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Labor costs, shortage, increasing reliability: Why we're seeing more robots inside plants

Breana Noble and Kalea Hall, The Detroit News on

Published in Automotive News

Robotic increases across the industry

Suppliers — especially tier-one operators with more capital to invest, facing labor supply issues and the need to quickly adapt in the EV transition — are also turning to robots for help. Forvia SE, a French auto supplier formed in 2022 after Faurecia SE acquired Hella KGaA Hueck & Co., is one of those.

The world's seventh-largest auto supplier has installed highly automated flexible door assembly lines at plants in southeast Michigan's Saline and Spring Hill, Tennessee.

The automated line is more adaptable than the standard comparison operated mostly by humans. Forvia says it can use this automated line to adjust more easily to customer needs, including with volume and variants, which is helpful in the transition to EVs when automakers are guessing what demand will be.

"We're seeing the customers' low volume, high variability, and so being able to adapt to what the customer actually wants to build, this line is perfect for it," said Matt Myrand, digital transformation director for North America for Forvia.

The highly automated line is also a way to achieve higher quality. The standard line requires more manual handling, while on the automated line the doors are inside what's called a "nest" getting the welds it needs. Here, the door is more "protected," he explained.

And then there's the people aspect. Forvia, like other suppliers, has had a "hard time finding labor," Myrand said: "Being able to find the people to run it, improved quality and then really being flexible and modular are the key topics in why we drive towards that."

Automation also increases with new plants, AlixPartners' Wakefield said. There’s more construction ongoing in the industry with the move to electrification.

“Automation in existing plants is suboptimal,” he said. With new construction, it’s designed to be “built upfront and optimized.” Automation that works well won’t just replace labor, he added. It creates quality improvements, too, such as reducing scraps.


But there are downsides. More automation can make a line less flexible, which can be a challenge when something goes wrong for just-in-time parts delivery. Additionally, when something goes wrong, fixing it can take time, so companies have to factor in efficiency gains and costs related to maintenance and repairs.

Fanuc's newer robots connect to the cloud, and manufacturers can pay a subscription to receive information on when a robot might need maintenance to avoid downtime.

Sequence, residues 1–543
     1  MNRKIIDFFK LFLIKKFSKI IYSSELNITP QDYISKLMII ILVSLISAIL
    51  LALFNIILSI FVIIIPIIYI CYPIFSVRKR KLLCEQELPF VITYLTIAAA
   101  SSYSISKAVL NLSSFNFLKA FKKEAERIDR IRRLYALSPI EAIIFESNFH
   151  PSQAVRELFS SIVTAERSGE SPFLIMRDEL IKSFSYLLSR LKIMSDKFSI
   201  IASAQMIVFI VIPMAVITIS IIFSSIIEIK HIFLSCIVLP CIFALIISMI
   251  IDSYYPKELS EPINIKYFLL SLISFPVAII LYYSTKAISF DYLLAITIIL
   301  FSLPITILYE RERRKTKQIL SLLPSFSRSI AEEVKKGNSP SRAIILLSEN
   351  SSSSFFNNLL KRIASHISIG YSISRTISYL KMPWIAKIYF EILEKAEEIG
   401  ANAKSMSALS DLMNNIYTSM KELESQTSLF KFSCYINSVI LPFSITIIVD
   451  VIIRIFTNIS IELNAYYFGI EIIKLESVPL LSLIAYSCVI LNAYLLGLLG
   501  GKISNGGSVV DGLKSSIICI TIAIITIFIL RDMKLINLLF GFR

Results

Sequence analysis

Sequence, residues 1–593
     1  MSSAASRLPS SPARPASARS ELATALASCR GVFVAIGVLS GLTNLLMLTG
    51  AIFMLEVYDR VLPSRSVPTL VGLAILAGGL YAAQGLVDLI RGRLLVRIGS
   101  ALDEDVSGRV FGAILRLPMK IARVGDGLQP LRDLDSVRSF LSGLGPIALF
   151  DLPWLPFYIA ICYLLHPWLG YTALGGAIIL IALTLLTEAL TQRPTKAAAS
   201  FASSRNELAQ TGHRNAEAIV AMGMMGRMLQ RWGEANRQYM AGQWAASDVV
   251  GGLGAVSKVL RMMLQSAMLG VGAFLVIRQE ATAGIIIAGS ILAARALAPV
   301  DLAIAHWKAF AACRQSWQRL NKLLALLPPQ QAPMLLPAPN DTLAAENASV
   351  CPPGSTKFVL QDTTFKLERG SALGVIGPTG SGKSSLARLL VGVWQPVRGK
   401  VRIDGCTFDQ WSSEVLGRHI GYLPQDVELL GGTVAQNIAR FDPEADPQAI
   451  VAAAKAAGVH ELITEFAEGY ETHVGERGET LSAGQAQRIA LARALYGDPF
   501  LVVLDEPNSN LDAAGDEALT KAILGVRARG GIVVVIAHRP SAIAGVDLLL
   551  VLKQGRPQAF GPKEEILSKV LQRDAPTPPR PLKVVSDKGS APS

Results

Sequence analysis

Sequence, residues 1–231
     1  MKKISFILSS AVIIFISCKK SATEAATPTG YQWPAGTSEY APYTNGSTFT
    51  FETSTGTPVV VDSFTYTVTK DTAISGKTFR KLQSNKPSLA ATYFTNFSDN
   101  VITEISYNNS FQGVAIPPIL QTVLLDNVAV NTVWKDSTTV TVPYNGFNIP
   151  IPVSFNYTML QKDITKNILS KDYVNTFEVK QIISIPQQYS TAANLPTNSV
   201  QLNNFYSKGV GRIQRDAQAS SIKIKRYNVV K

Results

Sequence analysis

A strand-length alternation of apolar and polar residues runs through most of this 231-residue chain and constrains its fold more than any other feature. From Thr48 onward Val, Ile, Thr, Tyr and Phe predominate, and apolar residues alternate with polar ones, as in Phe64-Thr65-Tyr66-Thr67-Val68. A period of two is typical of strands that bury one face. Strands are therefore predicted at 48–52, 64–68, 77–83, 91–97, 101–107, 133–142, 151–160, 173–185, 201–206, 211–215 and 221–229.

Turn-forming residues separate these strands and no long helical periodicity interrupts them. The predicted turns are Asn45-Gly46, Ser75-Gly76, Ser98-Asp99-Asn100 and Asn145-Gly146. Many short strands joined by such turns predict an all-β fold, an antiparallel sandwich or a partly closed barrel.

Other ways industry players are looking at cost savings include potentially investing in Mexico, where labor is less expensive and manufacturers can take advantage of tariff-free trade under the United States-Mexico-Canada agreement, Wakefield said. In public remarks earlier this year, Ford CEO Jim Farley suggested the automaker would "think carefully" about its manufacturing footprint after its Kentucky Truck Plant was the first truck plant hit in the UAW's targeted strike last fall, despite Ford building all of its full-size trucks in the United States and it employing more UAW members than its crosstown rivals.

Tom Kelly, president of Automation Alley, which calls itself "Michigan’s Industry 4.0 Knowledge Center," says the industry needs to move faster to increase automation. Doing so could increase jobs here rather than seeing them go to lower-cost countries like China and Mexico since the automation offsets the cost of labor.

"The rubber band's been pulled so far to the low-cost labor countries that, now, automation is actually our friend," he said. "It allows us to compete and bring jobs back, and you're seeing that around the U.S. You're seeing this reshoring, and it's actually creating manufacturing jobs, over the last year, not destroying them because we're able to pay higher wages and actually get the workforce."

Fanuc contends robots don't take away jobs, Finazzo said. He emphasized how the largest generation, baby boomers, also are retiring and leaving the workforce without people to fill the jobs.

New jobs are also created, such as robot technicians to install, maintain and repair machines. Fanuc, in the past few years, resumed an apprentice program and has expanded education programming to as young as elementary school.

"We are showing that it's a great career," Finazzo said. "It's a great way to make a good living and raise a family, and you're using your mind, not your back. I think the stigma around working in a plant was it's very physical. Now, it's very mental."

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